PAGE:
#51858c
</div>

<div style="background-color:#a3a368;
border-radius: 10px; width: 100px; color: #ffffff; text-align:center; vertical-align: middle;">
#a3a368
</div>

<div style="background-color:#d15359;
border-radius: 10px; width: 100px; color: #ffffff; text-align:center; vertical-align: middle;">
#d15359
</div>

<div style="background-color:#f68c2a;
border-radius: 10px; width: 100px; color: #ffffff; text-align:center; vertical-align: middle;">
#f68c2a
</div>

</div>

which creates the final palette display:

#d4e6e2
#51858c
#a3a368
#d15359
#f68c2a

This palette display can then be added to the description for your fabric on Spoonflower. It’ll looks something like this for the design in the example:


Planes, hot air balloons, and blimps weave in and out of the clouds in muted blue, red, green, and orange.

<p>
Color palette:
<br>

<div style=" border: 2px solid #cccccc; border-radius: 15px; padding: 5px; width: 100px;">

<div style="background-color:#d4e6e2;
border-radius: 10px; width: 100px; color: #888888; text-align:center; vertical-align: middle;">
#d4e6e2
</div>

<div style="background-color:#51858c;
border-radius: 10px; width: 100px; color: #ffffff; text-align:center; vertical-align: middle;">
#51858c
</div>

<div style="background-color:#a3a368;
border-radius: 10px; width: 100px; color: #ffffff; text-align:center; vertical-align: middle;">
#a3a368
</div>

<div style="background-color:#d15359;
border-radius: 10px; width: 100px; color: #ffffff; text-align:center; vertical-align: middle;">
#d15359
</div>

<div style="background-color:#f68c2a;
border-radius: 10px; width: 100px; color: #ffffff; text-align:center; vertical-align: middle;">
#f68c2a
</div>

</div>

which creates the description:

Planes, hot air balloons, and blimps weave in and out of the clouds in muted blue, red, green, and orange.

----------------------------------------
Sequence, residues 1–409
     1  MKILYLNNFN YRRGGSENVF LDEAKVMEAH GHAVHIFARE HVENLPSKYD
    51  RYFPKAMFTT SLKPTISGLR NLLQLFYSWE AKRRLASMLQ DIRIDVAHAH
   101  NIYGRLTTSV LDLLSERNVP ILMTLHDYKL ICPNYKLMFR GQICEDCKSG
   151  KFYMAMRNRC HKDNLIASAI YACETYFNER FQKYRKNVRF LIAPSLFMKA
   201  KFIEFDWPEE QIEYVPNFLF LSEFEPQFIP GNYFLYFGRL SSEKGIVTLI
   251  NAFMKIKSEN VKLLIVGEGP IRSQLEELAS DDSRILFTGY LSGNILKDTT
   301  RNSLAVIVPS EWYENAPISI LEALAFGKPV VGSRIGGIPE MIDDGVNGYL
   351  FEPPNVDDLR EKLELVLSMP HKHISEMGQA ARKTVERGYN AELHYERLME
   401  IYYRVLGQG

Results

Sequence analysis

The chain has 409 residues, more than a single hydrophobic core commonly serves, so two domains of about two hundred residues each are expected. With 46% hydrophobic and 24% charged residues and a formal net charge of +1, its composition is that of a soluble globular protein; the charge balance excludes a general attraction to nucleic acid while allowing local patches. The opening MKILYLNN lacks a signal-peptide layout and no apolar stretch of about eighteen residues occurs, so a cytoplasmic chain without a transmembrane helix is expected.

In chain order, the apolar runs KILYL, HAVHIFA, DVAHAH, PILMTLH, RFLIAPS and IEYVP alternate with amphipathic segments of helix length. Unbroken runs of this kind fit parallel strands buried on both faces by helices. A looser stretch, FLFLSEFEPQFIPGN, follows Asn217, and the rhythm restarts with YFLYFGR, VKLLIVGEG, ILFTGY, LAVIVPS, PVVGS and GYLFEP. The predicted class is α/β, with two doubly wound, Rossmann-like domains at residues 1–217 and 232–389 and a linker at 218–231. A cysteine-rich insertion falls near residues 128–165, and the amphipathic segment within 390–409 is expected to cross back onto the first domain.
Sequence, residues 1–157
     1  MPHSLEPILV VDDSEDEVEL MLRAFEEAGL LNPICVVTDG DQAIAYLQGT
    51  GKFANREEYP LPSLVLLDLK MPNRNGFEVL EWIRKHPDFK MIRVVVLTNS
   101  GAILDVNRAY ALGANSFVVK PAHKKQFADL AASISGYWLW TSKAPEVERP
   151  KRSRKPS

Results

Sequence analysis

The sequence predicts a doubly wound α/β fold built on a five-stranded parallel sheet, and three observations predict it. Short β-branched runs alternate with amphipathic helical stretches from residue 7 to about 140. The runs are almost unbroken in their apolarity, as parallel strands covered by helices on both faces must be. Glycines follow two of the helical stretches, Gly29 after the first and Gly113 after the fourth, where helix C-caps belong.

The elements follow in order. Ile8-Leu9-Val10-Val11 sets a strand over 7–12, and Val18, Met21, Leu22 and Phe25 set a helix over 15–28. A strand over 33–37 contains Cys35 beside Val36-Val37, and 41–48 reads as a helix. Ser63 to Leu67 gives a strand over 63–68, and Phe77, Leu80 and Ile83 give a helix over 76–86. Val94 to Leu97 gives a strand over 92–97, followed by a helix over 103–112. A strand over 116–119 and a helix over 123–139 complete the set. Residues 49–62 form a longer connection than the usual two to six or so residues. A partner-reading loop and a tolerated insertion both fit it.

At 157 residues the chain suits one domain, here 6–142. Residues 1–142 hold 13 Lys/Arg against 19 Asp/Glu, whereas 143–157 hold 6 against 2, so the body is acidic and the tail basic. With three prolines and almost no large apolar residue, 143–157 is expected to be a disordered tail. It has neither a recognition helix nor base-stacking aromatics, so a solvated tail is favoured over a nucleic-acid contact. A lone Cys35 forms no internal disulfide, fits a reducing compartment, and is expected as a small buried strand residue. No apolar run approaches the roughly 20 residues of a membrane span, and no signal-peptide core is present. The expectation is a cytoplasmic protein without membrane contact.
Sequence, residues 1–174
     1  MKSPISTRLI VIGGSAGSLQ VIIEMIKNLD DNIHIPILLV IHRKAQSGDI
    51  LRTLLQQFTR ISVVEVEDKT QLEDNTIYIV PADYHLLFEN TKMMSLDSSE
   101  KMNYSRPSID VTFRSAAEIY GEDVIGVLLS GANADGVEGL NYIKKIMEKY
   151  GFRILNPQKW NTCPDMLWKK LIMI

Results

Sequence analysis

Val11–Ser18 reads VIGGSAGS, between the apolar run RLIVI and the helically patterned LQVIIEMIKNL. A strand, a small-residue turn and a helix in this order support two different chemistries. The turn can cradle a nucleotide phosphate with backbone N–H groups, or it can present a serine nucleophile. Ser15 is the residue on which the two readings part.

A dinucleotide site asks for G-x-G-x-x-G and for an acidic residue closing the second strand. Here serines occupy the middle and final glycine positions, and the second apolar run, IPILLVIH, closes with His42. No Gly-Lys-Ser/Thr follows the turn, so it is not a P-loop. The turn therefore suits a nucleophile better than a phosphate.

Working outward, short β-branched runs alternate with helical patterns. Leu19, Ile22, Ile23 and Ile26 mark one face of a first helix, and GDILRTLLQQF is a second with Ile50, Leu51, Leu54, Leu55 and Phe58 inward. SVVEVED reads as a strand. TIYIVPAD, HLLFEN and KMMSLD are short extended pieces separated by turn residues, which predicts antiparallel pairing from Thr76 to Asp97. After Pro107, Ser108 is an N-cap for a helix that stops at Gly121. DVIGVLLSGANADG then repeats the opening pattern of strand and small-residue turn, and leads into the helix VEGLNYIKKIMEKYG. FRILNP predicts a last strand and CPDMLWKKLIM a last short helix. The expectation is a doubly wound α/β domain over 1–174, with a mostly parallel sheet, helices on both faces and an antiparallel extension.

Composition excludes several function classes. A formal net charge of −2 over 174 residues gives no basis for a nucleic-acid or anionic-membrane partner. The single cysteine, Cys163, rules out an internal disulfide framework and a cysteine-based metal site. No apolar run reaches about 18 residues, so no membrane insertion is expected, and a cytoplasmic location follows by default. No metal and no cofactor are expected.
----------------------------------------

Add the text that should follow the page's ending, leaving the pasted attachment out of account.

Color palette:

#d4e6e2
#51858c
#a3a368
#d15359
#f68c2a

When I’m adding one of these to a fabric description I usually cheat and copy one from another design and then just change the colors, adding or deleting elements as necessary so I have the proper amount. Even if you don’t fully understand html/css markup, with a bit of practice you’ll get used to what parts you have to change in order to make your palettes.

I’ll mention as an aside that this sort of thing would be pretty easy to automate with a web form. Unfortunately, I only have access to the one at work and I probably shouldn’t stick it on there. If someone wants to have a go at it, they can be my guest.

It’s a shame that I’m not more vigilant about adding these, because I really think a display of the colors used in fabric printed by services like Spoonflower is incredibly valuable. Though the newest iteration of the colors Spoonflower uses to print is much closer to what is seen on the screen, it’s nice to let people know exactly what hues you’ve used in your design. For example, maybe someone wants to make a quilt of coordinating designs by different designers, but has a hard time telling exactly what colors are used in a given design. Or perhaps someone wants to design their own striped fabric to match the colors in one they’ve purchased. I think allowing buyers these kinds of options gives them more flexibility and actually might make them more likely to purchase your designs.